[Haskell-cafe] Stacking State on State.....
wagner.andrew at gmail.com
Sat Feb 28 09:36:44 EST 2009
Ok, so this question of stacking state on top of state has come up several
times lately. So I decided to whip up a small example. So here's a goofy
little example of an abstract representation of a computer that can compute
a value of type 'a'. The two states here are a value of type 'a', and a
stack of functions of type (a->a) which can be applied to that value.
Disclaimer: this code is only type-checked, not tested!
-- first, we'll rename the type, for convenience
type Programmable a = StateT [a->a] (State a)
-- add a function to the stack of functions that can be applied
-- notice that we just use the normal State functions when dealing
-- with the first type of state
add :: (a -> a) -> Programmable a ()
add f = modify (f:)
-- add a bunch of functions to the stack
-- this time, notice that Programmable a is just a monad
addAll :: [a -> a] -> Programmable a ()
addAll = mapM_ add
-- this applies a function directly to the stored state, bypassing the
-- notice that, to use State functions on the second type of state, we must
-- lift to get to that layer
modify' :: (a -> a) -> Programmable a ()
modify' f = lift (modify f)
-- pop one function off the stack and apply it
-- notice again the difference between modify' and modify. we use modify' to
modify the value
-- and modify to modify the function stack. This is again because of the
order in which we wrapped
-- the two states. If we were dealing with StateT a (State [a->a]), it would
be the opposite.
step :: Programmable a ()
step = do
fs <- get
let f = if (null fs) then id else (head fs)
modify $ if (null fs) then id else (const (tail fs))
-- run the whole 'program'
runAll :: Programmable a ()
runAll = do
fs <- get
if (null fs) then (return ()) else (step >> runAll)
On Sat, Feb 28, 2009 at 8:31 AM, Daniel Fischer <daniel.is.fischer at web.de>wrote:
> Am Samstag, 28. Februar 2009 13:23 schrieb Phil:
> > Hi,
> > The problem is HOW DO I WRAP ANOTHER INDEPENDENT STATE AROUND THIS?
> > After some googling it looked like the answer may be Monad Transformers.
> > Specifically we could add a StateT transform for our Box Muller state to
> > our VanDerCorput State Monad.
> > Google didn¹t yield a direct answer here so I¹m not even sure if my
> > thinking is correct, people describe the process of using a transform as
> > Œwrapping one monad in another¹ or Œthreading one monad into another¹.
> > What we want to do is have some internal state controlled by an
> > outer state - this sounds about right to me?
> If you absolutely don't want to have a state describing both, yes.
> > So I started playing around with the code, and got the below to compile.
> > test :: StateT (Bool,Double) (State Int) Double
> > test = do (isStored,normal) <- get
> > let (retNorm,storeNorm) = if isStored
> > then (normal,0)
> > else (n1,n2)
> > where
> > n1 = 2
> > n2 = 3
> > put (not isStored, storeNorm)
> > return retNorm
> > Now this is incomplete and may be even wrong! I¹ll Explain my thinking:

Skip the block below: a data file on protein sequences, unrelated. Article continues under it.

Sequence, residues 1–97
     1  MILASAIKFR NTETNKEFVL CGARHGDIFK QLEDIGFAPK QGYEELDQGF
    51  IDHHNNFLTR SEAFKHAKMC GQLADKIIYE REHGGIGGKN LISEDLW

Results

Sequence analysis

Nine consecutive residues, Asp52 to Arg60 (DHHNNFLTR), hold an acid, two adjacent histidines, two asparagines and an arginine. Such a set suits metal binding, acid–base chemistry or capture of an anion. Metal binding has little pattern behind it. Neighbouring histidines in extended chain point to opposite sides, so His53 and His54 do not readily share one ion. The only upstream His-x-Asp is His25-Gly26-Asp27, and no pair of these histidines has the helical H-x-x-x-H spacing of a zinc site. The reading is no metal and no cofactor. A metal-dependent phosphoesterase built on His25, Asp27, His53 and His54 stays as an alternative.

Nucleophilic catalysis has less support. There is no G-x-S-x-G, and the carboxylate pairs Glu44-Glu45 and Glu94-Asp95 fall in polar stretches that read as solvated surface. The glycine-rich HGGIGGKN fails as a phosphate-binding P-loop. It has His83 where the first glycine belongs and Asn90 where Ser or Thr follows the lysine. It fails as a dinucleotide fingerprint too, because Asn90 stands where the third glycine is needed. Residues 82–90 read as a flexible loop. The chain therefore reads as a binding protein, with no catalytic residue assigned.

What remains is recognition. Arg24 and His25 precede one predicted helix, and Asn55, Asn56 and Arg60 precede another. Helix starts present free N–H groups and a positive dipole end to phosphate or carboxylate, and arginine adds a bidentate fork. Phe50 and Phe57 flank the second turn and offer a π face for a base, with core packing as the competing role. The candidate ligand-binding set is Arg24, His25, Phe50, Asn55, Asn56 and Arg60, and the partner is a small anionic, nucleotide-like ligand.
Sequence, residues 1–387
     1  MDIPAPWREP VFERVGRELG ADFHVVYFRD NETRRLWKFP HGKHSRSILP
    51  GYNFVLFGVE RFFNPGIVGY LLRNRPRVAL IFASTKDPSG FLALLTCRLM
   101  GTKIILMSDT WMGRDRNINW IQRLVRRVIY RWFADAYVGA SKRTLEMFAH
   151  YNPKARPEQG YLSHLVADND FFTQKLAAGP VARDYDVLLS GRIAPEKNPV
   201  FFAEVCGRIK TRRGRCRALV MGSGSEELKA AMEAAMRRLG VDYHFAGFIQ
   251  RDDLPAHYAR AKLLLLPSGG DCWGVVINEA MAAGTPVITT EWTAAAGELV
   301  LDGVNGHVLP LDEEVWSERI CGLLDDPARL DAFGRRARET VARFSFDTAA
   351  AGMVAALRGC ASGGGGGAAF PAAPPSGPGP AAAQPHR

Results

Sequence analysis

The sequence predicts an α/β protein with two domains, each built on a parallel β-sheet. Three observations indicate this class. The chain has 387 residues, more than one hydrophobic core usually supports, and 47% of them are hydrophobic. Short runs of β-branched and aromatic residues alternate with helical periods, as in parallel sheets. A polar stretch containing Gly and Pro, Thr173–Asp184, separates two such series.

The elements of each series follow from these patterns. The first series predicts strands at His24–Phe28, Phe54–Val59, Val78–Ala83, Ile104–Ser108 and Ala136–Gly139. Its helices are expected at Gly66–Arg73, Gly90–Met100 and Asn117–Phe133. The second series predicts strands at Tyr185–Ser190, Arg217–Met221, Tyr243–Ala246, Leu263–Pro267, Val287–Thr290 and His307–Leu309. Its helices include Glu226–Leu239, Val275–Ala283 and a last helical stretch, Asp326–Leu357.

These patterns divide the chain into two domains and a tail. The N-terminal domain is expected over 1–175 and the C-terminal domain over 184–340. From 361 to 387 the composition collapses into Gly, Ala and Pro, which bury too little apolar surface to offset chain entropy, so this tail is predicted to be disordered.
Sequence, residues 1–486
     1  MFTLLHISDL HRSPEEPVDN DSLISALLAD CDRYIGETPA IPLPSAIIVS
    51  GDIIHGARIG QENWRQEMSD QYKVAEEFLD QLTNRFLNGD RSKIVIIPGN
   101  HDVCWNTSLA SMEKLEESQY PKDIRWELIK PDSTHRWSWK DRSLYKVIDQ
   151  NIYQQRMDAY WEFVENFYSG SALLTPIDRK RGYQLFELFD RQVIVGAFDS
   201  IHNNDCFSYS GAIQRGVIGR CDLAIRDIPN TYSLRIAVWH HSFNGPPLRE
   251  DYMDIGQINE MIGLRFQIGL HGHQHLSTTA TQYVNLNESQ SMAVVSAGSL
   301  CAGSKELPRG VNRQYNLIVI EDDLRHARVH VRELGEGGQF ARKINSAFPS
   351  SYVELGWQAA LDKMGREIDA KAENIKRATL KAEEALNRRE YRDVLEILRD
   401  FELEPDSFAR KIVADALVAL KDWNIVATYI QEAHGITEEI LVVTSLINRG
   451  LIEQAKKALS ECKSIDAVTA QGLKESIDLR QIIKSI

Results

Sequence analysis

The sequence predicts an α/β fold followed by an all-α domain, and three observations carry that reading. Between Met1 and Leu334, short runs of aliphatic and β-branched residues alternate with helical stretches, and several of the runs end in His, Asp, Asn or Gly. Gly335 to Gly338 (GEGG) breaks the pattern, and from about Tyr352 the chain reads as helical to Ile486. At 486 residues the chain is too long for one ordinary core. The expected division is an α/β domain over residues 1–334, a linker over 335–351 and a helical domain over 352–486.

> > (Bool,Double) is equivalent to myState and storedNormal in the C example
> > The last Double is the return value of the BoxMuller Monad
> > The (State Int) is supposed to represent the VanDerCorput monad but the
> > compiler (GHC 6.10) will only let me specify one parameter with it so
> > I¹ve put the state and left the return type to the gods!!.... As I said
> > this isn¹t quite right any ideas how to specify the type?
> You can't, the second argument to StateT must be a Monad, hence a type
> constructor you can pass an arbitrary type which then produces a new type
> from that.
> Fortunately, you don't need to.
> Say you have
> type VDCMonad = State Int
> nextVDC :: VDCMonad Double
> nextVDC = do
> n <- get
> put $! (n+1)
> return $ calculateVDCFromInt n
> Then you could have
> boxMullerVDC :: StateT (Maybe Double) VDCMonad Double
> boxMullerVDC = StateT $ \s -> case s of
> Just d -> return (d,Nothing)
> Nothing -> do
> d1 <- nextVDC
> d2 <- nextVDC
> let (b1,b2) = boxMullerTransform d1
> return (b1,Just b2)
> (I find a state of Maybe a more natural to indicate that *maybe* I have one
> in store to use directly, than using (Bool,a)).
> However, I suspect that you would get better code if you abstracted over
> sequence of pseudorandom Doubles and had simply
> calculation :: Sate [Double] whatever
> calculation = ???
> result = evalState calculation bmVDC
> bmVDC = boxMuller $ map vanDerCorput [1 .. ]
> boxMuller (k:n:more) = u:v:boxMuller more
> (u,v) = bmTransform k n
> > The next few lines get and test the BoxMuller state, this seems to work
> > to me, the problem is when I try to look at the STATE OF THE INTERNAL
> > monad. n1 and n2 should evaluate and increment the state of VanDerCorput
> > monad but I can¹t get anything to compile here. 2 and 3 are just dummy
> > values to make the thing compile so I could debug.
> > My last gripe is how to actually call this from a pure function do I
> > to use both evalStateT and evalState I can¹t see how to initialize both
> > the inner and outer state ?
> result = evalState (evalStateT calculation Nothing) 1
> > OK I think that¹s more than enough typing, apologies for the war&peace
> > sized post.
> > Any help muchly muchly appreciated,
> > Many Thanks,
> > Phil.
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> Haskell-Cafe at haskell.org
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